Tarpon Mysteries Revealed Through DNA

by Kathy Guindon, Ph.D. and Kevin Baxter

[dropcap]F[/dropcap]ish tagging and marking is a common tool in fishery science and is used to obtain important information about a fish species. Scientists can learn fish swimming speeds, spawning habitats, reproductive biology, survival rates, growth rates, stock identification, abundance and more. While tarpon are a popular sport fish, relatively little of this information is known about the species. Recent advances in science have allowed biologists with the Florida Fish and Wildlife Conservation Commission (FWC) and Mote Marine Laboratory to work together with anglers to track individual tarpon. The Tarpon Genetic Recapture Study (TGRS) uses each tarpon’s unique fingerprint found in its DNA as a biological tag. With the help of volunteer anglers who submit DNA samples, the study has catalogued DNA from more than 22,000 tarpon samples since the pilot study in 2005.

Each time a tarpon is sampled it’s considered an event, and a fish that has been sampled more than once is considered a recapture. To collect genetic samples from tarpon, volunteer anglers use a small piece of abrasive sponge (part of a free DNA kit provided to interested participants) to scrape some skin cells from the outer jaw of the tarpon. Anglers then submit these samples to the Fish and Wildlife Research Institute with the accompanying catch information (time, date, location). Once researchers receive these samples, geneticists extract DNA from the skin cells. This DNA identification can determine recapture rates of tarpon in the fishery. These recaptures provide evidence of long-term survival from fishing events and insight into the seasonal and regional movements of individual fish. By evaluating capture events of sampled tarpon through time biologists can begin to assess the connectivity of tarpon between different bodies of Florida waters.
As of May 1, 2014, biologists have identified 217 recaptured tarpon through DNA sequencing performed in the FWRI onsite genetics lab. Biologists classify recaptures into categories according to distance and time between the initial event and subsequent events. The study so far has shown that there is an exchange of tarpon movements between neighboring estuaries such as Tampa Bay and Charlotte Harbor, and between regions of the Gulf coast and the Florida Keys. Regional movements are defined as those with 100 miles or more between the capture locations. For example, one tarpon exhibited a regional movement from Sarasota beaches to Islamorada in less than three weeks. The longest regional movement recorded through recaptures from this study was approximately 280 miles, from Apalachicola to Captiva. Yet other tarpon travels are not as vast, as exemplified by a tarpon caught multiple times within the same east coast river system.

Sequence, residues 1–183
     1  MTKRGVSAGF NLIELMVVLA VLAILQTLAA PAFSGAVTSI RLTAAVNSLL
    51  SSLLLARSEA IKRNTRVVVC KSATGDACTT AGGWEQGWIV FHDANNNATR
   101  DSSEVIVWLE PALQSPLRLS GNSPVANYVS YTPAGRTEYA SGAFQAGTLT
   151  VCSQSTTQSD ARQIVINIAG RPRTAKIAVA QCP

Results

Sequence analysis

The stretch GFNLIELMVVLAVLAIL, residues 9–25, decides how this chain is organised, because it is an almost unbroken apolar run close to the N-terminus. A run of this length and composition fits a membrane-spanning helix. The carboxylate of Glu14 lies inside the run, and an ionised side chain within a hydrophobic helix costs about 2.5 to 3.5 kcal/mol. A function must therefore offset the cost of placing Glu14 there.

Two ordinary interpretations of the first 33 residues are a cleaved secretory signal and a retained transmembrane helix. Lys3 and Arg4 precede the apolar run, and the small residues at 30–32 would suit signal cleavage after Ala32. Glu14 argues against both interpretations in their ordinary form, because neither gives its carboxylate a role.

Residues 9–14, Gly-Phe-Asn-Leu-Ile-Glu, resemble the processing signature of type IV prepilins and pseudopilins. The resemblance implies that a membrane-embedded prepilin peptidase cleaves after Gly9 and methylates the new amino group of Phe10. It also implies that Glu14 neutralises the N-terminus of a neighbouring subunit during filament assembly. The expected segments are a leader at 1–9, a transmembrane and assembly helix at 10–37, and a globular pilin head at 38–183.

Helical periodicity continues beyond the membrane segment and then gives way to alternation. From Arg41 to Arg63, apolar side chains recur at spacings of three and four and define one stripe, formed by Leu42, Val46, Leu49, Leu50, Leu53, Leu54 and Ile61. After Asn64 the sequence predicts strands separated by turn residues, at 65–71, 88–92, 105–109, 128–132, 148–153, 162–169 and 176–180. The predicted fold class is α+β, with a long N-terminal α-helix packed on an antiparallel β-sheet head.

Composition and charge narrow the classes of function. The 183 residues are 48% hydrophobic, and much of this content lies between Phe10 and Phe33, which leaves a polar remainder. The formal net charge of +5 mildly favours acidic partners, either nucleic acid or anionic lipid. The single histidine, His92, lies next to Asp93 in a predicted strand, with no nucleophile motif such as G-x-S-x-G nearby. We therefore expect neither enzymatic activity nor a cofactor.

Biologists also investigate tarpon recapture events to learn more about seasonal habitats and movement patterns. By evaluating the dates of the DNA sampling events, they can classify recaptures as either during spawning season, which is April to July, or during the off season, August to March. The DNA samples provide evidence that adult tarpon caught along the central and southwest coast return to the same locations between subsequent spawning seasons.

There are more than 2,500 anglers in the study’s database and over 400 return samples in any given year. The study depends on how thorough and accurate the anglers are while completing the data slips from the DNA kits. There is much more to learn about this magnificent species and with the aid of the angling public and DNA tagging methods, many of these biological secrets should begin to unfold. However, north Florida needs a boost in tarpon DNA sample submissions. In order to get the best understanding of the fishery statewide, we need angler support and participation in north Florida counties. For this reason the Florida Guides Association (FGA) is hosting a regional angler incentive in 2014, The FGA/FWC Spirit of Tarpon Sampling Challenge.

For this final year of the study and for the Sampling Challenge, anglers are asked to sample tarpon longer than 30 inches. The study already has thousands of samples from south Florida but very few from the Nature Coast and Panhandle counties of the Gulf coast and counties along the middle and northern Atlantic Coast. The angler who returns the most tarpon DNA samples from the northern Gulf and Atlantic coasts during this calendar year will each receive a prize packet compiled by the Florida Guides Association and will include a framed certificate signed by the president of the FGA and the chairman of the FWC. For more information on the challenge please contact the secretary/treasurer Captain Charlie Phillips at www.florida-guides.com.

All anglers remain an active part of the study even after their samples are submitted. Anglers who recapture a fish will receive a letter that provides the data from each event. They will also receive a map showing each capture location as it was entered on their data slip. This gives the angler a snapshot in time of their tarpon’s movements. In addition, everyone who participates in the study receives an annual newsletter discussing the latest developments of the project.

To obtain a DNA sampling kit, call the toll-free number, 1-800-367-4461, email TarponGenetics@MyFWC.com, or visit one of over 200 participating retailers around the state. Kits are free to tarpon anglers and have no expiration date. The DNA samples require no refrigeration. To read more about the Tarpon Genetic Recapture Study or to watch an educational video, visit http://myfwc.com/research/saltwater/tarpon/genetics. Even if you only take one tarpon